Want to keep in the loop on the latest happenings at Chabad Lubavitch of Idaho. Subscribe to our mailing list below. We'll send you information that is fresh, relevant, and important to you and our local community.
Printed from JewishIdaho.com

The Pottery Barn Rule

Friday, 24 February, 2012 - 2:30 pm

Going shopping with young children can be challenging. I often find myself telling them – incessantly – about the Pottery Barn Rule, “You break it, you own it.”

But recently I had the tables turned on me. When my son’s toy broke and he could not find a way to fix it, he came to me with the desperate plea to repair it. I attempted but could not succeed. At that point he cleverly turned to me and said, “I’m giving it to you. Now it’s yours and it’s broken. You need to fix it.”

***

In this week’s parsha Terumah, G-d instructs the Jewish people to donate thirteen items for the construction of the Mishkan, the mobile Sanctuary. From gold and copper to wood and wool – the contributions were plentiful. G-d found a home amongst the Jewish people.

The Chassidic Masters note that the thirteen articles used to construct the Mishkan correspond to the thirteen requests – or blessings as they are commonly known – in the middle of the weekday Amidah

While the common number of thirteen might point to a corollary, what is the message of this relationship between the construction materials that the Jews provided for the Tabernacle and the requests for healing, livelihood or forgiveness in the Amidah?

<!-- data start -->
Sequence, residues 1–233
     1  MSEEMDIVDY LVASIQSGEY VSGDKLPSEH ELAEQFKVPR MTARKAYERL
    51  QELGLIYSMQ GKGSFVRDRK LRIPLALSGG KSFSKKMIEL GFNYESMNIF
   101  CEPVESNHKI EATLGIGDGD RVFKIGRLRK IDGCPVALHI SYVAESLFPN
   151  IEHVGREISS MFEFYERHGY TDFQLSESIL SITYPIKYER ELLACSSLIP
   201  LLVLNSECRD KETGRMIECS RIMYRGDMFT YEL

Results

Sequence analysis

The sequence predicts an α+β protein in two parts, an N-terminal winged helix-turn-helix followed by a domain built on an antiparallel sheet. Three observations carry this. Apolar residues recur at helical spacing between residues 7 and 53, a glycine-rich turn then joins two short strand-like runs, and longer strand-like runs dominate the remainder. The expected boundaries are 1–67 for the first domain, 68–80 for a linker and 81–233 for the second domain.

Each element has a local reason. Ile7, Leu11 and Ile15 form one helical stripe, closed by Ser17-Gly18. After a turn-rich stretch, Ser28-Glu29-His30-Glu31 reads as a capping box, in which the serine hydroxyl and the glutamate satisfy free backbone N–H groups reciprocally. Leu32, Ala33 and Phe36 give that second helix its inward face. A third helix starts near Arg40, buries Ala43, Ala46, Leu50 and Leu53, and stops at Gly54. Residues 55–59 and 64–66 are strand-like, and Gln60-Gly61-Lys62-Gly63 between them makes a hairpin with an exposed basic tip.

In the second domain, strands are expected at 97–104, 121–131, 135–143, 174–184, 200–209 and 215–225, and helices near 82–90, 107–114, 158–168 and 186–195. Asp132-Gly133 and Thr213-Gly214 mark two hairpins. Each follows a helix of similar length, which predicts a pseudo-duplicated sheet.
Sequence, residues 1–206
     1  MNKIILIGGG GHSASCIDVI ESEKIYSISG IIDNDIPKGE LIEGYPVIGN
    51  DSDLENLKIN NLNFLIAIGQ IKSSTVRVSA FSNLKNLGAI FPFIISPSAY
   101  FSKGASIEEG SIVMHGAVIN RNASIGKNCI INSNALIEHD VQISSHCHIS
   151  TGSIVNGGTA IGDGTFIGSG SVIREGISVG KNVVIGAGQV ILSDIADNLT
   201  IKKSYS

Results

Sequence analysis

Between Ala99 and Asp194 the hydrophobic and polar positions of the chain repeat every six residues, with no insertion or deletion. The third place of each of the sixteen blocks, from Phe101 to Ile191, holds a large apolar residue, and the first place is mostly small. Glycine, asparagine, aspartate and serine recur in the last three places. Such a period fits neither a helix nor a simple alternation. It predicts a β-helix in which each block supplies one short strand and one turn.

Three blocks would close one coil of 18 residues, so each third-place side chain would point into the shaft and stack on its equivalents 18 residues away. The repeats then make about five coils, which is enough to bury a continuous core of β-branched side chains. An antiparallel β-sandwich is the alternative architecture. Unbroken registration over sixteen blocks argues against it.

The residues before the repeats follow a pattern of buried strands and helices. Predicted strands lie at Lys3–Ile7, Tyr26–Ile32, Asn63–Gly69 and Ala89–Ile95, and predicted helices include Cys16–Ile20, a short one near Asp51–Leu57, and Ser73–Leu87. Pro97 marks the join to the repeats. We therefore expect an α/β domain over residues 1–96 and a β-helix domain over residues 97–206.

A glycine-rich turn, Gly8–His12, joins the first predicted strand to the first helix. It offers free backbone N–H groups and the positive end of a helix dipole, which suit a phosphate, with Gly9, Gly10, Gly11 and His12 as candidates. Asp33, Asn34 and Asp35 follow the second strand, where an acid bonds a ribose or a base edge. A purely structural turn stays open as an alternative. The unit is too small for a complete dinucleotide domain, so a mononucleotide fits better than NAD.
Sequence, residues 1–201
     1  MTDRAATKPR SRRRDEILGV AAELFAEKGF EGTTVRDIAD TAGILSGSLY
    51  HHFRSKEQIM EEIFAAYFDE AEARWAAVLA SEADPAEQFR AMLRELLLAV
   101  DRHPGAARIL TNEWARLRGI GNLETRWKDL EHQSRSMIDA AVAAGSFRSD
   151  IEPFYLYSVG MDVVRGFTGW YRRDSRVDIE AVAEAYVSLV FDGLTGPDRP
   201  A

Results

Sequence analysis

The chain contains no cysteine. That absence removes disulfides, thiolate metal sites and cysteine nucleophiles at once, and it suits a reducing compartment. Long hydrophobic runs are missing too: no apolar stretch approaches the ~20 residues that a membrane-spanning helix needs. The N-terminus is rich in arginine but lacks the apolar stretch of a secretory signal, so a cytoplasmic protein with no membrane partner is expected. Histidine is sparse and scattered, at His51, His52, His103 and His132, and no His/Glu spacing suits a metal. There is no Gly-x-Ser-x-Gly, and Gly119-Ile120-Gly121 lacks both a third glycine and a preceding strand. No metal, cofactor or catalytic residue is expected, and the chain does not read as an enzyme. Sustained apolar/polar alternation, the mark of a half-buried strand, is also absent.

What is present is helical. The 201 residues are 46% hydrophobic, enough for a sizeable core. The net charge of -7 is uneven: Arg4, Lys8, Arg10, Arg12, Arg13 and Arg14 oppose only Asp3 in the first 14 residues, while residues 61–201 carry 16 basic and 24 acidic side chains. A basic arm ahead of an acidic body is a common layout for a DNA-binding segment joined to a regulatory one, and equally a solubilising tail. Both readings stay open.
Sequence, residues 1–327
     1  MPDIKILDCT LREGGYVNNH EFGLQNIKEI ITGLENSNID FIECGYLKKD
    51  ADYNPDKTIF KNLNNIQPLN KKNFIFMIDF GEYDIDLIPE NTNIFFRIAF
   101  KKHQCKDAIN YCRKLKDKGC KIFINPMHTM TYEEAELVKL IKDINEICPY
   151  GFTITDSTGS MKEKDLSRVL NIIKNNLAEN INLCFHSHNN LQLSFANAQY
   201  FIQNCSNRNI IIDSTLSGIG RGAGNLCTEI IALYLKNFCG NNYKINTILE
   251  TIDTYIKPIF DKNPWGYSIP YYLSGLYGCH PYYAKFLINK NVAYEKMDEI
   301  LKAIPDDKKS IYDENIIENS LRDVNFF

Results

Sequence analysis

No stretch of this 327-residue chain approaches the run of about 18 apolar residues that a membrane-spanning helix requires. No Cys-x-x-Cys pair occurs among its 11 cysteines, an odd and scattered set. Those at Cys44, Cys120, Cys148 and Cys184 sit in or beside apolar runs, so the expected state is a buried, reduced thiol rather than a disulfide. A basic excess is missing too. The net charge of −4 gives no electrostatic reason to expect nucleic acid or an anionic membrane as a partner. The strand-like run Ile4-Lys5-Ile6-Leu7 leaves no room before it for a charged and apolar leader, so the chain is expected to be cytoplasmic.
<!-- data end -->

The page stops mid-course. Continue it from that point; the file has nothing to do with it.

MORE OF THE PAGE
***

The purpose of the Mishkan was not only to reserve a space for G-d. Nor was it simply to dedicate a central structure for Jews to worship Him.

Our Rabbis explain that the key function of the Mishkan was to transform the material into something spiritual. By consecrating silver, linen, skins and the like to Hashem, we ultimately are elevating the very purpose of their existence. Gold might be useful for jewelry on our own bodies, but its truest use – and destiny – is to glorify G-d.

Taken from this perspective, the Mishkan demonstrated and actualized man’s complete partnership with G-d. All of our worldly possessions are simply a means toward a more holy existence.

Perhaps this is the relationship between the Mishkan and our entreaties during prayer. If we are children begging our Father in Heaven for sustenance, wisdom and redemption – He may or may not grant it. But if we sanctify our minds, businesses and families to the Almighty – He may have no choice but to help Himself.

Sometimes, the best strategy is simply to share ownership of our lives with our Creator. When we realize that everything we have is really for His sake, certainly He will do what’s in His best interest.  And that’s our best interest too.

Comments on: The Pottery Barn Rule
There are no comments.